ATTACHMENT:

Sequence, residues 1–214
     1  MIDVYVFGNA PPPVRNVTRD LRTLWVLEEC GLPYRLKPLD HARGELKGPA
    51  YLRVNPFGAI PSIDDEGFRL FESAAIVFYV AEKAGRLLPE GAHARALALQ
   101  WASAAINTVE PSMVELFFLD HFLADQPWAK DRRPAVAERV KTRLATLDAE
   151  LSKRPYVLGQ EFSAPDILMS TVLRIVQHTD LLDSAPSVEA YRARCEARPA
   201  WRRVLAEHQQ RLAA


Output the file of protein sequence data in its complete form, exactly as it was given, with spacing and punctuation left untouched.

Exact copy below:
Sequence, residues 1–214
     1  MIDVYVFGNA PPPVRNVTRD LRTLWVLEEC GLPYRLKPLD HARGELKGPA
    51  YLRVNPFGAI PSIDDEGFRL FESAAIVFYV AEKAGRLLPE GAHARALALQ
   101  WASAAINTVE PSMVELFFLD HFLADQPWAK DRRPAVAERV KTRLATLDAE
   151  LSKRPYVLGQ EFSAPDILMS TVLRIVQHTD LLDSAPSVEA YRARCEARPA
   201  WRRVLAEHQQ RLAA